By Gavin Greene
Screw Street Fighter, King of Fighters, Capcom vs. Tatsunoko, and all the rest, I’m a Tekken man. Have been since the arcade days, and the series hasn’t let up since. While entering the tournament during E3 this year would have appeased the competitive prick within me, it would have deterred too much time from my Elder-Geek duties, so I satiated my battle lust with a private tournament on the show floor, against me and anyone foolish enough to challenge.
The Tekken 6 kiosk ran directly beneath the Playstation booth’s big trailer-screen, and had little seats so those I won against would have the opportunity to sit and think about their mistakes. While the many logos around the kiosks didn’t mention it, the addition of all previously revealed characters let me know that this was indeed the Bloodline Rebellion version to be hitting consoles this fall. I was able to get in six matches before defeat by a man with no life—seriously, and luckily that included a match with each of the characters new to this installment.
Allow me to first buffer this fan-boying with some shop talk. The screens on the show floor were top-of-the-line and most likely optimized for this game specifically, and damn it looked stunning. Perhaps it was because Tekken strives for a slightly more realistic look and feel compared to other fighters, that it hit such a visual peak to me that almost no other games could approach. So I picked up the PS3 controller and started with something old and familiar.
Whenever first trying out a new fighting game, with its likely tweaks to the balancing and flow of the overall system, its best to select a fighter you’re comfortable with. And so I went with someone familiar and perhaps a bit cheap, the Bruce Lee impersonator Marshal Law. Being that his style is mostly fast and cheap legwork it was a good chance for the game to show off its intricacies. The added optional effects that will be in the console version weren’t featured here, so it was as pure a feed as one could hope for. Law moved with familiar speed and they had kept his move-set, so I was able to focus on the game’s technical side while running through the perky Asian-chief’s gamut.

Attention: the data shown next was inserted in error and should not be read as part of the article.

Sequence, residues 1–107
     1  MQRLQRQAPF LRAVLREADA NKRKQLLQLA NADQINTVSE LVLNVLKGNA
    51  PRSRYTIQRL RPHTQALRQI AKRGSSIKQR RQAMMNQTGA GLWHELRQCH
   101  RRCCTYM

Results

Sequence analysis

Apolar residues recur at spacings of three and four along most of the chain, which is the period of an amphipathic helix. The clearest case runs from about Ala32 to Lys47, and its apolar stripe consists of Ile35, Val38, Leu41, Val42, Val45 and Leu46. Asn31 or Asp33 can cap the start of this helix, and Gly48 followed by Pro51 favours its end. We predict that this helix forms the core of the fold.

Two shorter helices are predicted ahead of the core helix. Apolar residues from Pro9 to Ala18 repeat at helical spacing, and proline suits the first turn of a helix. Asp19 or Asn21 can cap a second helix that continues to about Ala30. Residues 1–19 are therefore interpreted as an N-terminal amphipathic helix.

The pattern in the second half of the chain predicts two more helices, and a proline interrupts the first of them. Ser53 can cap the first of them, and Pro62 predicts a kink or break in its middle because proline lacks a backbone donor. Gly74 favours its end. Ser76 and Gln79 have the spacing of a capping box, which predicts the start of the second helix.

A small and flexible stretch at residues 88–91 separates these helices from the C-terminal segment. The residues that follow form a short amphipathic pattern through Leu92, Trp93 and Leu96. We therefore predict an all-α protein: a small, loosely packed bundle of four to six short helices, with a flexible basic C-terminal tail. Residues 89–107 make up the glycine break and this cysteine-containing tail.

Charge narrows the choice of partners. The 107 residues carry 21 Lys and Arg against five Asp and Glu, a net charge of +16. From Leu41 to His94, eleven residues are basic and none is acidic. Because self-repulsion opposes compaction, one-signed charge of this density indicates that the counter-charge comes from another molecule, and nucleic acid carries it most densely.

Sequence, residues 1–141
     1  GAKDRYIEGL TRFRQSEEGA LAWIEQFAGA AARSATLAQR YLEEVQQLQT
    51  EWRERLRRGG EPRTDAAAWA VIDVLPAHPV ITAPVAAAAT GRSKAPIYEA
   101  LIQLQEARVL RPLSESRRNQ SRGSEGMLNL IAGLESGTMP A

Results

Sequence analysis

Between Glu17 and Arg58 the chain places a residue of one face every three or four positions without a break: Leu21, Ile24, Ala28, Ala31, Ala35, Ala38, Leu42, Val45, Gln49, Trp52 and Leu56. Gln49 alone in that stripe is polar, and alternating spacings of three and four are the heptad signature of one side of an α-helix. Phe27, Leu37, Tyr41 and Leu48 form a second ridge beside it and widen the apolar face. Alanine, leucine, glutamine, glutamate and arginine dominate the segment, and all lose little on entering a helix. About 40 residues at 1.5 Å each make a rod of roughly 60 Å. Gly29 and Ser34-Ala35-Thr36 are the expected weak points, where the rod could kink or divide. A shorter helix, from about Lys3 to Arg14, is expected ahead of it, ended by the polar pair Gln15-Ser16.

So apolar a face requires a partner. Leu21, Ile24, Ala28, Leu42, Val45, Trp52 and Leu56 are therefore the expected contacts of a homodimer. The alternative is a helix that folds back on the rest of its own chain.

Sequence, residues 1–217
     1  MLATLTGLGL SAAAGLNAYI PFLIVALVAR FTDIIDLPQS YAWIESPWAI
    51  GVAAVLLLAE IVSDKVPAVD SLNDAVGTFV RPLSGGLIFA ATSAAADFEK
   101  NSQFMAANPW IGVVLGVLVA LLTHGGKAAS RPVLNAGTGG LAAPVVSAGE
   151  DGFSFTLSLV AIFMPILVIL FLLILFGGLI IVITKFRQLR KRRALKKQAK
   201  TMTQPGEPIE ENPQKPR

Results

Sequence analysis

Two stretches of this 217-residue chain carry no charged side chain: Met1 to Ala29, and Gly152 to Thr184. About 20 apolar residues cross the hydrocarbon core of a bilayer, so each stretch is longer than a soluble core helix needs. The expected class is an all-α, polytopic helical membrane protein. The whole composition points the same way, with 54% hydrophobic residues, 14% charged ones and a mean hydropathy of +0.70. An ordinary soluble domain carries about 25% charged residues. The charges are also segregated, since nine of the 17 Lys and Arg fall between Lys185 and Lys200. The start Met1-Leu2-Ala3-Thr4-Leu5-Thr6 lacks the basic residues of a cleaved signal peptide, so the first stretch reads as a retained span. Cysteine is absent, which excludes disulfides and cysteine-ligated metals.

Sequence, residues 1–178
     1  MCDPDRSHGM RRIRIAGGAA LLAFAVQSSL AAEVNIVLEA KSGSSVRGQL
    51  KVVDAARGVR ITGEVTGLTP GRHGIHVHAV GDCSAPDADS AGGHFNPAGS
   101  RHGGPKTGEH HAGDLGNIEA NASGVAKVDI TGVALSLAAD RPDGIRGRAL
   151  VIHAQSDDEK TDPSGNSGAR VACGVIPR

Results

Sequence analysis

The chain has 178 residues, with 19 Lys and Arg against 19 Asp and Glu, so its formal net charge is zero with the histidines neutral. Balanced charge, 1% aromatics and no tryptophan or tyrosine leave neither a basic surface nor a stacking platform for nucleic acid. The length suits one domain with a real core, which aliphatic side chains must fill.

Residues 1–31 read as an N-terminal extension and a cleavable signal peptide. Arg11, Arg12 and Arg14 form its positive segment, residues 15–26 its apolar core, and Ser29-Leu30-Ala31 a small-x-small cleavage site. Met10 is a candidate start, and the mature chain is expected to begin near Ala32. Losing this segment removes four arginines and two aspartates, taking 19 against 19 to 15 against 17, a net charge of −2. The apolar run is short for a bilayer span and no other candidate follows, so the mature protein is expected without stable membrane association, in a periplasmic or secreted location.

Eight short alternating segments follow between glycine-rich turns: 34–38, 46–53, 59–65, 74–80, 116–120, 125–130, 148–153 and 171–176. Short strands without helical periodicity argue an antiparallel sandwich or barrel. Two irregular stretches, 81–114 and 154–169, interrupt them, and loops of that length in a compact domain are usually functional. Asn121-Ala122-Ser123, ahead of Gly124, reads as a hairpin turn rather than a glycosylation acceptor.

The game held up the required frame-rate with poetic ease, the animations for each muscle strain and contact blow, was even more intricate and reactionary than in the near-perfect Tekken 5: Dark Resurrection. I quickly defeated my first opponent and moved onto experimenting with the new characters.
I would quickly progress through the heavily armored and solid-body fighter Lars Alexandersson, robotic ingenuine Alisa Bosconovitch, the oddly contorted fighting style user Zafina, romantic looking kicker Miguel, spunky universally easy-to-use Leo, and I’m-totally-not-a-Rufus-clone Bob. Out of all of them, Zafina and Alisa control rather oddly, with Zafina’s animations making her combination moves seem much harder to pull off than in reality, and Alisa having so many odd button-combinations that a novice fighter is going to throw their controller through a wall. Miguel is a bit of mixed bag, heavy attacks slow him down to not much use for longer combos, while his light attacks often don’t have the instinctual reach you would expect from looking at him. Leo is a run-of-the-mill brawler, deep enough to provide some use to those familiar with Tekken’s timing-based battle system, but by the time you’ve gotten him up to something you can use in tournaments, you’ve realized how much better and deeper you could have gotten with another character. The most fun to play are Lars and Bob, the first being a slower but heavier hitter, allowing for a lot of maneuverability in how you want to chain combos together, and Bob being the surprisingly agile fat character every fighting game wants now for some reason.
All of the characters control with enough simplicity (save for Zafina) that new players will find at least one of them to their liking, but the roster in the full game is gigantic, 42 individual fighters, so it will be impossible for anyone not to find someone they like (I’m a Hwoarang/Nina guy, myself.)
The game has been a port away from ready for about half a year, tweaking the smallest imperfection through its multiple installments in the Japanese and American arcades. If it can keep the solid frame rate and a tenth of the visual fidelity on display at E3 this year, it’ll be a must have for anyone that likes to beat the crap out of people….virtually…most of the time.
Winner of the Elder Geek E3 Award for: Best Re-Purposing of a Fat Person
Best Fighter of the Show
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Published by: Namco Bandai Games
Developed by: Namco Bandai Games
ESRB Rating: T for Teen
Platforms: Xbox 360, Playstation 3, PSP, Arcade
Release Date: October 27, 2009